Essential T-Ball and Coach Pitch Equipment for Beginners
T-Ball and Coach Pitch Equipment List
Signing up your child for his or her first year of T-Ball or Coach Pitch is a very exciting time for both the parents and the child. Filling out the consent forms and paying the registration fee is often the easy part. Selecting the right kind of equipment for your new ball player could be a little more difficult.
Starting our first ball season last spring, I have compiled a list of essential equipment that your T-Ball or Coach Pitch beginner will need to ensure a great first season.
Note to Parents: When shopping for all the essential equipment, bring along your child to ensure a proper fit. I know it may be tempting to go ahead and buy that larger size to save money in the long run, but it is highly recommended to buy equipment that fits the size of your child. A proper fit will ensure a successful first ball season!
Choosing the right size glove for your T-Ball or Coach Pitch player is so important. Depending on your child's hand size, glove sizes for ages 3 to 6 years are between 8 and 11 inches in length.
To ensure a proper fit, have your child try the glove on and ask if they are able to open and close it. Opening and closing the glove is a good indicator that it is the right size for your child. For our 5-year-old, we bought an 11-inch glove which was a great fit for his first year of Coach Pitch.
It is important to remember that most new gloves will be very stiff. You can remedy that problem by "breaking in" the glove with a leather conditioning oil and following the directions in the highlighted box.
How to Break In Your Child's Glove
A good way to break in your child's glove is to buy a glove oil or a leather-conditioning oil to apply to the glove. Rub in well on the inside and outside of glove. Put ball in middle and wrap a shoelace or large rubber band around the glove. Leave the glove wrapped for 24 hours. Open and practice catching a ball with glove. If glove is still too stiff, repeat process until the glove easily opens and closes.
Whether you are starting out in T-Ball or Coach Pitch, the bat size for your beginner is basically the same. The average length of bats for 3–6 years are 24–27 inches. The weight may also vary anywhere from 13 to 17 oz.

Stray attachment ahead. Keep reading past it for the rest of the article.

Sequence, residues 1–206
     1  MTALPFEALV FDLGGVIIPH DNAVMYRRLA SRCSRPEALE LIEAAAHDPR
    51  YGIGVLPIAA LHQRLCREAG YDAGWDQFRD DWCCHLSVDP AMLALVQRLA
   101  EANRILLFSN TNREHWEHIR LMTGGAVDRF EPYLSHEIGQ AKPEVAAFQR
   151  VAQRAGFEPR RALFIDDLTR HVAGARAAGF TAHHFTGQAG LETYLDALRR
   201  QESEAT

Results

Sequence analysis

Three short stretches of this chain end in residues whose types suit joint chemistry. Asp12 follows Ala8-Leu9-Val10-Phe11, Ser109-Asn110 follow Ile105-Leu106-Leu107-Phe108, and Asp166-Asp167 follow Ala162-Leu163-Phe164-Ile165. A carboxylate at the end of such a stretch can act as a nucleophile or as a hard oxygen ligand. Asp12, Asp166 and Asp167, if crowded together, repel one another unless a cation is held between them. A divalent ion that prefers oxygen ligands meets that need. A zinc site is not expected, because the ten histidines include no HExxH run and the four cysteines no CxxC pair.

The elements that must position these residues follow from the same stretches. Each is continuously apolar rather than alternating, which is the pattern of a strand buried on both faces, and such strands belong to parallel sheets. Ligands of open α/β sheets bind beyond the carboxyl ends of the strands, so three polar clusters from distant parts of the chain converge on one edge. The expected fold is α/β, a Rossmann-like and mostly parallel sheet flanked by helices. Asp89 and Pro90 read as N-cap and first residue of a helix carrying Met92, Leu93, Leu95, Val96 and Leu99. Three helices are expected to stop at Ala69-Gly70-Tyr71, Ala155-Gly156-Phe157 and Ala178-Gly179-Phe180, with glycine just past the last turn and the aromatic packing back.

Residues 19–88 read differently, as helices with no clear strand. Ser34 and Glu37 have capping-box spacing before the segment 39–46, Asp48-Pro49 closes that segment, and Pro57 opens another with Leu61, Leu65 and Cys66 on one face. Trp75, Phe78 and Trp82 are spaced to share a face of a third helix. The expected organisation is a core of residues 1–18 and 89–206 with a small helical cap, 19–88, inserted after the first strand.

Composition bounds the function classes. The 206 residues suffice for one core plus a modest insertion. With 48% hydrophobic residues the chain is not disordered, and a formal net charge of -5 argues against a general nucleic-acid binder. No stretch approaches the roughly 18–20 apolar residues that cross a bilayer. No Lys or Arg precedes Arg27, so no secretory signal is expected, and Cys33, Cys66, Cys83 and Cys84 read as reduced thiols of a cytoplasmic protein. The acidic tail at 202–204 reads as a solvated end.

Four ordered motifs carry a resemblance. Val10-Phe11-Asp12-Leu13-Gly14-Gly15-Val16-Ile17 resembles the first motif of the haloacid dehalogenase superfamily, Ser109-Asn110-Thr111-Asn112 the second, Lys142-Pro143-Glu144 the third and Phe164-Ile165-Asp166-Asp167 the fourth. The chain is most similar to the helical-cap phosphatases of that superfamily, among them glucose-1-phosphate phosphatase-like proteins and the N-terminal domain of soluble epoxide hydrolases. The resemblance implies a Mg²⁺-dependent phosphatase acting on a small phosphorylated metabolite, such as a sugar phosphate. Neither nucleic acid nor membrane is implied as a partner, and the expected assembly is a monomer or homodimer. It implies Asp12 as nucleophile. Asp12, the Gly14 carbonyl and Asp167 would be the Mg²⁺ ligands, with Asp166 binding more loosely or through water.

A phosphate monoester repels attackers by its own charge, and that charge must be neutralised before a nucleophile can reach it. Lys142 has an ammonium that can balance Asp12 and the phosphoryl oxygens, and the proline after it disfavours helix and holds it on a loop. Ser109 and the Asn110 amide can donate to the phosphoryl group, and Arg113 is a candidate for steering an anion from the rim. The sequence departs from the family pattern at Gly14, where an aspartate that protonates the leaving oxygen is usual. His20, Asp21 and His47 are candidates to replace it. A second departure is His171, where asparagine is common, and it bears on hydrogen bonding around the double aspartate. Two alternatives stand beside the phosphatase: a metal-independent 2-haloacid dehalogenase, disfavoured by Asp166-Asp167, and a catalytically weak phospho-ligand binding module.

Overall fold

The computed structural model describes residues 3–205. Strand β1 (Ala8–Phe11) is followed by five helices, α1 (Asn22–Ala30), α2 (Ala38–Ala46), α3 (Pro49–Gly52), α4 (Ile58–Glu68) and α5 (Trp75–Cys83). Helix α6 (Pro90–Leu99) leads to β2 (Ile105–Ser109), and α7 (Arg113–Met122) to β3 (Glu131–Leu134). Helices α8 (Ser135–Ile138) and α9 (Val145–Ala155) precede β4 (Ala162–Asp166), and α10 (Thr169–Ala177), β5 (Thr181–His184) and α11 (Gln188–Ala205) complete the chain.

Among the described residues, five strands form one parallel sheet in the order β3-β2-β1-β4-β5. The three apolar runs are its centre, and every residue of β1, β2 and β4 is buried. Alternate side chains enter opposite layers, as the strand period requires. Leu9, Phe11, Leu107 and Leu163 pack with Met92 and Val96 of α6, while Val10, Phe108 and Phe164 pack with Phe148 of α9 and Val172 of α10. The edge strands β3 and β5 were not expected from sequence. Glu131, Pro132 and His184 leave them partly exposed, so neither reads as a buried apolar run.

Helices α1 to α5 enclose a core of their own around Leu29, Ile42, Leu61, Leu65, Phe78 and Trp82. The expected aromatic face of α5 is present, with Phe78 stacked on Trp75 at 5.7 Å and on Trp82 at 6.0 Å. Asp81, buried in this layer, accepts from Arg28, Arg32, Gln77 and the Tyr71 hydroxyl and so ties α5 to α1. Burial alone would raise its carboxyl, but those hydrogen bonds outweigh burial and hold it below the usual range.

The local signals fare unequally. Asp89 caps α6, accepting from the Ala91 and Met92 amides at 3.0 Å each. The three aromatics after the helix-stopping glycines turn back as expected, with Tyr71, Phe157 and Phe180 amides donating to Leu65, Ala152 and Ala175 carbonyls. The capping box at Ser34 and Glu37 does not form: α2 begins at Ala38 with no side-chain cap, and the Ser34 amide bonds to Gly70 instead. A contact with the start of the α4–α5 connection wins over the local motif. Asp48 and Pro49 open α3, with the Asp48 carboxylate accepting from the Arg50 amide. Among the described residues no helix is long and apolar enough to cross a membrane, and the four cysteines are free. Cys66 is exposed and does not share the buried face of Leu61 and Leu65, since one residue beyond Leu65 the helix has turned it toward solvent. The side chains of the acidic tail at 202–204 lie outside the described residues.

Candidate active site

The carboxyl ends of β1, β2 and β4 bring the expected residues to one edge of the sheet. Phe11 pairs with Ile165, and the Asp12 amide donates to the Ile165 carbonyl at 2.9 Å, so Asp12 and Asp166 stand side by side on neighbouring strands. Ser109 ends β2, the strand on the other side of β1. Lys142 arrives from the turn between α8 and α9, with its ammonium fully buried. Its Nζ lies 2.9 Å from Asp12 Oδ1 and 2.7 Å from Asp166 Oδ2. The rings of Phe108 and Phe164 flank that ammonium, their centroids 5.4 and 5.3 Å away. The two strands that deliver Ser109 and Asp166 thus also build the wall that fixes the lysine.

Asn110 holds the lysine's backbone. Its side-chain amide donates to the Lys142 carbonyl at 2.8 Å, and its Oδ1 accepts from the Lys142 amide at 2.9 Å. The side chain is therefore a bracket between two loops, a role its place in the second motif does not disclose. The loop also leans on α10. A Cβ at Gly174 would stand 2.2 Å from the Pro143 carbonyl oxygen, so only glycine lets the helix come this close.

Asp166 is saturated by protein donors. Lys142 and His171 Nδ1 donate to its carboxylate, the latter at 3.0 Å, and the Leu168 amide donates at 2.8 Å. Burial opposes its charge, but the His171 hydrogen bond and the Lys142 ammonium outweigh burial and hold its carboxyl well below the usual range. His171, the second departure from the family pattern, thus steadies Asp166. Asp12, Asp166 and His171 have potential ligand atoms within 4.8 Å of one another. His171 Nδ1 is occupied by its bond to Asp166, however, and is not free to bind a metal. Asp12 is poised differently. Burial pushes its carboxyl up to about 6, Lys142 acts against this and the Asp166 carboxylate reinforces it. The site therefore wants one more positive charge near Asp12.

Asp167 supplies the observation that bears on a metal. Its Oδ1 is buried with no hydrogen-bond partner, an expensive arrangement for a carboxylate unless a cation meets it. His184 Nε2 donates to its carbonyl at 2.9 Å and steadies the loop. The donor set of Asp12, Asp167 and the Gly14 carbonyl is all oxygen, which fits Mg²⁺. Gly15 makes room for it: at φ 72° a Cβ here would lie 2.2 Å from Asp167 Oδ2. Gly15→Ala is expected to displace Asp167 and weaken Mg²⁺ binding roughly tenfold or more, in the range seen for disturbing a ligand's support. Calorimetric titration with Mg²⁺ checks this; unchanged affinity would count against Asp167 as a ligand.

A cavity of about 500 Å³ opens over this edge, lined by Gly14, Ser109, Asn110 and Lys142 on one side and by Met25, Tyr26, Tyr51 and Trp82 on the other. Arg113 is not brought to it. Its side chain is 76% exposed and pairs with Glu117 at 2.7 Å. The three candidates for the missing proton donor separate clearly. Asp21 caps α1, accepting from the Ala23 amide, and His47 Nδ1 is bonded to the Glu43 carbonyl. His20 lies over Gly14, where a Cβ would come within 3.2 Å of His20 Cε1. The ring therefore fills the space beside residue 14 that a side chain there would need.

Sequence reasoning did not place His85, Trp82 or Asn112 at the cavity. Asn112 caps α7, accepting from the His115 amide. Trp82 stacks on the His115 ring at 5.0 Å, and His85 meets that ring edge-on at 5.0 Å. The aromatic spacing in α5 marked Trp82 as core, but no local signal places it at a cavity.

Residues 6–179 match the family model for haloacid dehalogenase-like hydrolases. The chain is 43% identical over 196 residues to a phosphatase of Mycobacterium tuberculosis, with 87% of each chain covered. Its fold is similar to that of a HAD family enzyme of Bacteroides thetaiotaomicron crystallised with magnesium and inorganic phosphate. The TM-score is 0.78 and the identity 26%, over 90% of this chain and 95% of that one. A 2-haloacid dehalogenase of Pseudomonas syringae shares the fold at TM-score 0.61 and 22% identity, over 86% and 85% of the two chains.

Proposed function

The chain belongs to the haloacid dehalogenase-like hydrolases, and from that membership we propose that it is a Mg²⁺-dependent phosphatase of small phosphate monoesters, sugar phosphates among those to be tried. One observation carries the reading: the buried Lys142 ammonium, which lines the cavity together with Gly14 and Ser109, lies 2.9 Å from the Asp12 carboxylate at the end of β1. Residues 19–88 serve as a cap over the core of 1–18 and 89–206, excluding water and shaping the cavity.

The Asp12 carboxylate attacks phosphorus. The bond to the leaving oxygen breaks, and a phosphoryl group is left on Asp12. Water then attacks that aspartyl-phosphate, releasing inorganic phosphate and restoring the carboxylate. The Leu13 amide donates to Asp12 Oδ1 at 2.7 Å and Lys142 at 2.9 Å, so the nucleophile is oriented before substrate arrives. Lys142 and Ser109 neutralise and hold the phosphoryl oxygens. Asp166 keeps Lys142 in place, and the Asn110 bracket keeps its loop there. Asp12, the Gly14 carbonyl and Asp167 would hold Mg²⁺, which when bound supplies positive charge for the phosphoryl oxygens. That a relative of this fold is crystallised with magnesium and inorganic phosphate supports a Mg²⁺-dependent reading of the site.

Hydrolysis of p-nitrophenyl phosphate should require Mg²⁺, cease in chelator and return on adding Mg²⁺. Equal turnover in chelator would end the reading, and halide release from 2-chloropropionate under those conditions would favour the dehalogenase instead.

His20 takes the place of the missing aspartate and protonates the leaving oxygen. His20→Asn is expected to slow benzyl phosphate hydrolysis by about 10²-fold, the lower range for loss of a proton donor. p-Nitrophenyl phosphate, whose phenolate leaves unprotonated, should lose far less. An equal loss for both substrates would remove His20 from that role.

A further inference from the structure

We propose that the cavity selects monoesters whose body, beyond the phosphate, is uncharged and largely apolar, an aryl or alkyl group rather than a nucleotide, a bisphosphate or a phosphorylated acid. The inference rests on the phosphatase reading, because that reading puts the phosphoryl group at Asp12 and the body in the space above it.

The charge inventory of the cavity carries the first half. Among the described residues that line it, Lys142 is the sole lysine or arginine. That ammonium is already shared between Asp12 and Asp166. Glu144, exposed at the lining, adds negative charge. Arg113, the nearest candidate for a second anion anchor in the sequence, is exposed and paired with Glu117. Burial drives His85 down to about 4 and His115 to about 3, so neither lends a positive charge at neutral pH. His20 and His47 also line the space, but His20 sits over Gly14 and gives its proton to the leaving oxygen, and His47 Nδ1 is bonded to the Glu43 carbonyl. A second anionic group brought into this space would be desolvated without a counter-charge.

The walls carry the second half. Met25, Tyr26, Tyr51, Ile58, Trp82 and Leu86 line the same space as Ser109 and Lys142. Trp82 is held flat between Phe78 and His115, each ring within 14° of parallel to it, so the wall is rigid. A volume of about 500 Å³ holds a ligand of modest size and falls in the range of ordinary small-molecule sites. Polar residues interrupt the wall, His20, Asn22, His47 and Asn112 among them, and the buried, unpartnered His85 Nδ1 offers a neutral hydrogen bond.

To ensure the correct length and weight for your child, don't be afraid to let him or her test it out. Often times, sporting goods stores will allow your child to take practice swings with the bat in a safe place inside or outside of the store to make sure you are purchasing the correct size for your new ball player.
The ball size in weight and diameter will vary within different leagues. Be sure to ask the dimensions of the ball your league will be using in games. The balls used in both T-Ball or Coach Pitch are typically a little bit larger and much softer than a regular size baseball. This type of ball helps lessen the severity of injuries for the first time ball players. Our son's Coach Pitch team used an 11-inch diameter soft training softball in his games.
Another essential piece of equipment for both T-Ball and Coach Pitch is a batting helmet. There are many different options of helmets including color, an optional face mask, and ones with a detachable chin strap. Most leagues encourage all players to buy their own helmet to help prevent the spreading of lice.
We originally bought the helmet with a face mask and chin strap. We quickly found out our son had issues with the face mask making the helmet too heavy on his head. He did so much better when we removed the face mask making the helmet much lighter for him. We did keep the chin strap attached to ensure the helmet did not fall off while he was running the bases.
Depending on league rules and regulations, your child may need a pair of cleats to play T-Ball or Coach Pitch. The rubber-studded cleats are best suited for the 3- to 6- year age group.
Wearing cleats rather than tennis shoes is better for your child providing more traction while fielding and running the bases. Though it may be tempting to buy that next larger size for your child, stick with the ones that fit properly to ensure no unnecessary blisters on your ball player's feet.
Keeping up with all this essential equipment is often a challenge for both first-time ballplayers and parents. I highly recommend going ahead and purchasing a bat bag to carry it all. For the younger age group, find a smaller size bat bag for your child to carry. Be sure to make certain the batting helmet also fits in the bag.
Most sporting goods store carry both the one shoulder strap bat bag and also a backpack style for the younger ballplayers. Struggling the first couple of practices trying to haul all that equipment back and forth from the car to the field taught me a valuable lesson: a bat bag is a necessity for every ball player!
A Memorable First Season
Selecting the Right Equipment for a Successful First Season
Along with the above essential pieces of equipment for your young player, you may also have to make other purchases such as sliding pants/shorts, baseball/softball athletic socks, batting gloves, etc. You will usually receive a list of any other necessary items from the coaching staff within the first couple of team practices.
Selecting and purchasing all the essential equipment for your beginner ballplayer will ensure a successful first season for both you and your child. I hope this information has been helpful to prepare your little one. If you have any questions or want to leave feedback about this information, feel free to add these in the comment section below. Enjoy all the fun, laughter, and the many memorable moments of your child's first season of T-Ball or Coach Pitch!